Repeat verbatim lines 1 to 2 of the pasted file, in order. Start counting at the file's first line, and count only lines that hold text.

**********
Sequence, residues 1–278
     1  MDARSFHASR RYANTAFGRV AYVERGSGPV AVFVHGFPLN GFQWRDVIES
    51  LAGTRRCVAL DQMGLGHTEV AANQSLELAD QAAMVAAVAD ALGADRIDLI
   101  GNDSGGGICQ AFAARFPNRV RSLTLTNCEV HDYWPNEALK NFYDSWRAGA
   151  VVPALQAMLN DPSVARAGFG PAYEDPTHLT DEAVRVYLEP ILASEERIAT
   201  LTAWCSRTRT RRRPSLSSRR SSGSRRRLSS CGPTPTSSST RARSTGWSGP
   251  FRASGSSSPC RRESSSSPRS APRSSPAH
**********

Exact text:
Sequence, residues 1–278
     1  MDARSFHASR RYANTAFGRV AYVERGSGPV AVFVHGFPLN GFQWRDVIES